The Financial Ombudsman Service (FOS) expects to receive 16,000 new pension and investment related cases in 2017/18 - a 22% increase on its December forecast of 13,100.
Despite this FOS said it had budgeted for total operating costs to go down by £30m on its original forecast for the coming year, at £263.5m versus £295.2m. This still represents a £14.8m increase on last year's operating costs, however.
The Ombudsman's total operating income is also expected to fall to £241.9m compared to the £276.6m it forecasted back in December. This represents a £13.8m increase on the total operating income of 2016/17.
Levies will still account for £27m of its budget - the same as originally forecasted last December. Individual case fees will remain at £550 for the fifth year in a row.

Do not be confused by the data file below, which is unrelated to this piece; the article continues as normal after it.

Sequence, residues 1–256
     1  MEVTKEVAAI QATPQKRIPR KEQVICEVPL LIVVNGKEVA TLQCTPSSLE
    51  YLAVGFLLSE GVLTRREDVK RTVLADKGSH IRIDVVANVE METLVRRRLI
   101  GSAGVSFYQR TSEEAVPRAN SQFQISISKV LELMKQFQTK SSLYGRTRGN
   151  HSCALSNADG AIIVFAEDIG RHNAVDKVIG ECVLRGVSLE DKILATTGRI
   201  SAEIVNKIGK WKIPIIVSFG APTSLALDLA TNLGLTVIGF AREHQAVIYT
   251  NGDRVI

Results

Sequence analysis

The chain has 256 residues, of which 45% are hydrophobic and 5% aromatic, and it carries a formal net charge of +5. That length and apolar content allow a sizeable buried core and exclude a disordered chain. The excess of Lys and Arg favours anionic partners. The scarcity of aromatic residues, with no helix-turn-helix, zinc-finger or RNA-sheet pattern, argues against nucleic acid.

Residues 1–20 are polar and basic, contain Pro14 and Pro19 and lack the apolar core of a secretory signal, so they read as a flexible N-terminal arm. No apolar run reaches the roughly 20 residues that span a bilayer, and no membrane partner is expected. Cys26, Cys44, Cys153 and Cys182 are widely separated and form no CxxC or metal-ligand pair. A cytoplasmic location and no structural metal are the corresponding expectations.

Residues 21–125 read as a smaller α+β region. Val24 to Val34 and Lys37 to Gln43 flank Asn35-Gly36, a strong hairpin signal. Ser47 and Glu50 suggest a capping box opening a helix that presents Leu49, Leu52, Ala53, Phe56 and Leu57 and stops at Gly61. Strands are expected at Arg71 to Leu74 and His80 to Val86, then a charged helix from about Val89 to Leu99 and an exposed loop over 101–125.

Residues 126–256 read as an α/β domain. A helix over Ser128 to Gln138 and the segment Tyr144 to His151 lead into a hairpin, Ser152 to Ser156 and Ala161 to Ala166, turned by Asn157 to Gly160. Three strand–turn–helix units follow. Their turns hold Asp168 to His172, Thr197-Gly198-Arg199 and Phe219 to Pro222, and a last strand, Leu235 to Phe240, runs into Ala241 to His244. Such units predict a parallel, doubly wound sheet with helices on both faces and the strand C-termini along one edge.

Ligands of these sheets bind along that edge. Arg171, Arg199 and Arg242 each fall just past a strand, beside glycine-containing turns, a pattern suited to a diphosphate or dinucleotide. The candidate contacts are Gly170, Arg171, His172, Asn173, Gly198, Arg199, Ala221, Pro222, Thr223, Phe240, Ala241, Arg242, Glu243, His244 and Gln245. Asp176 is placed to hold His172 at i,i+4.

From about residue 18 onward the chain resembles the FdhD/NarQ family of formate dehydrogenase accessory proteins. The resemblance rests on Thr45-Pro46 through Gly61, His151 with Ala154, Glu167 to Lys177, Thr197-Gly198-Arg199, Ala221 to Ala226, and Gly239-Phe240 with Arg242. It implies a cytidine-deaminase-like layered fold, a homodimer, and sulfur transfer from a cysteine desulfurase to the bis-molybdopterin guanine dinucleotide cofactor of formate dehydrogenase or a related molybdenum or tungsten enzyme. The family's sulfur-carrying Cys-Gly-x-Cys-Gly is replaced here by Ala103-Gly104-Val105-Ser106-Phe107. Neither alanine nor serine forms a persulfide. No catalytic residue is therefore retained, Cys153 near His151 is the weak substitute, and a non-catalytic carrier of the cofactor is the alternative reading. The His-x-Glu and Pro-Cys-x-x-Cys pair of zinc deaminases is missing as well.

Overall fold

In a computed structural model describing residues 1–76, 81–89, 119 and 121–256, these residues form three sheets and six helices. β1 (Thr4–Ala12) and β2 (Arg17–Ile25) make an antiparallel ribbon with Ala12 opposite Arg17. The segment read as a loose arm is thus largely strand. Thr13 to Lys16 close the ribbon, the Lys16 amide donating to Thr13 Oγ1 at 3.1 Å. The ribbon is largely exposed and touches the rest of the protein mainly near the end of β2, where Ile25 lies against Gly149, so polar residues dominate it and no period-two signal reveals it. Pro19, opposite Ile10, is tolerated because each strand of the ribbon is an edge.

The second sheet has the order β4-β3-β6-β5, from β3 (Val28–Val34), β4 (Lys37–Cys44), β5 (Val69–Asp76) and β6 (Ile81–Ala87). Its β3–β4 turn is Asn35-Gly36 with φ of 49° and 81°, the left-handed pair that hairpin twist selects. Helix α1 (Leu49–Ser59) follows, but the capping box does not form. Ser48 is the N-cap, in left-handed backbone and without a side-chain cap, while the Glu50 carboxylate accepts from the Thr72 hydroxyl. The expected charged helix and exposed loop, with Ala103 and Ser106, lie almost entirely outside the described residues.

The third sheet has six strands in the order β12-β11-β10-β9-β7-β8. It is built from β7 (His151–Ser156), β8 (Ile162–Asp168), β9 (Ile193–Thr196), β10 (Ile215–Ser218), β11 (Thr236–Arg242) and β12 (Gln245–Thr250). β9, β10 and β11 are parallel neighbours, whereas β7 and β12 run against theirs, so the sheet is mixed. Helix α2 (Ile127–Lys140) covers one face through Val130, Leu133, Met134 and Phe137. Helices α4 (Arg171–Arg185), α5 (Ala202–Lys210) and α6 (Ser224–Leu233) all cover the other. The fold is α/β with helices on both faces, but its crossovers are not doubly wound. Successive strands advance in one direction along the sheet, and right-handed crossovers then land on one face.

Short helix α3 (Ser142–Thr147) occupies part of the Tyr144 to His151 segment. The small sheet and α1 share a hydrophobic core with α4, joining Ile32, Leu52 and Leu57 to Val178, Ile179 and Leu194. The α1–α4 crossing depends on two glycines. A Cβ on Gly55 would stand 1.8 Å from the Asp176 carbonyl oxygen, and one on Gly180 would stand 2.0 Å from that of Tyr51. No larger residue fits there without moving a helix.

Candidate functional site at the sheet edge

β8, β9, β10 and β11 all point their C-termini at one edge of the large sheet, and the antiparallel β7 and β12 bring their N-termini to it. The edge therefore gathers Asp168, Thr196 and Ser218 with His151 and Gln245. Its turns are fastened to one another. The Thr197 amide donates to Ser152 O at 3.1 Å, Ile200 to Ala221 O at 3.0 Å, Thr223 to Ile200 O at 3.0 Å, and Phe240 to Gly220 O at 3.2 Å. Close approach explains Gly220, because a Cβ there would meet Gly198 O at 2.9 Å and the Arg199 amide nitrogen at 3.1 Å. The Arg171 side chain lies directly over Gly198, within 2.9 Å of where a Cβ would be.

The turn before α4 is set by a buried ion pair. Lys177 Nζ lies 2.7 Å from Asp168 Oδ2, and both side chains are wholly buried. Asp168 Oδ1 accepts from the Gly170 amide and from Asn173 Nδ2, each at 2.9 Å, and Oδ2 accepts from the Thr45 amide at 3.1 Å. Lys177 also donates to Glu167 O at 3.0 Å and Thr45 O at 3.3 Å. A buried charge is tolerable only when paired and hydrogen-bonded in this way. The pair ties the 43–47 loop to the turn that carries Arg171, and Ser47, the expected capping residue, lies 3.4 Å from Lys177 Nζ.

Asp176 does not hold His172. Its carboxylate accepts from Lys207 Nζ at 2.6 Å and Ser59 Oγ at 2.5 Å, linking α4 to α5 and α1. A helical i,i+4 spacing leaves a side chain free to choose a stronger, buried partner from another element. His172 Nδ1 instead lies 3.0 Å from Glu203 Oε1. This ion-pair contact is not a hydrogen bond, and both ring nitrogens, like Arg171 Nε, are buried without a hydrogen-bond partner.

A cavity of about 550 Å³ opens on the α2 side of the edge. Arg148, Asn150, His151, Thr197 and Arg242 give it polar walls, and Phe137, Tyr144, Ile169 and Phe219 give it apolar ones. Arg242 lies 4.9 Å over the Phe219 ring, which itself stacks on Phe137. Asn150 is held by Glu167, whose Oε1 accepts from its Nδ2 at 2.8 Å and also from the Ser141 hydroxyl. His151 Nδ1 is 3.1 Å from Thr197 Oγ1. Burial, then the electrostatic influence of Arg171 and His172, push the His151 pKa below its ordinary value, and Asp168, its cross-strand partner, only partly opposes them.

More SIPP claims?
The FOS has not pointed to any particular reason for the forecasted rise in pension and investment complaints, but its most recent complaint statistics, published in February, showed a substantial rise in self-invested personal pensions (SIPP) complaints between October and December last year.
It received 18% more complaints about the products in that period than in the previous quarter and 38% more than the average 274 complaints per quarter it received in 2015/16.
The Financial Services Compensation Scheme has already budgeted to levy life and pension advisers a record £171m in 2017/18.
Last November, the lifeboat fund also confirmed its intention to raise an interim levy for 2016/17 of £36m for life and pensions advisers to fund "unexpected" numbers of SIPP-related claims.
Chief executive Mark Neale said the claims largely "related to advice to switch pension funds into high-risk investments".
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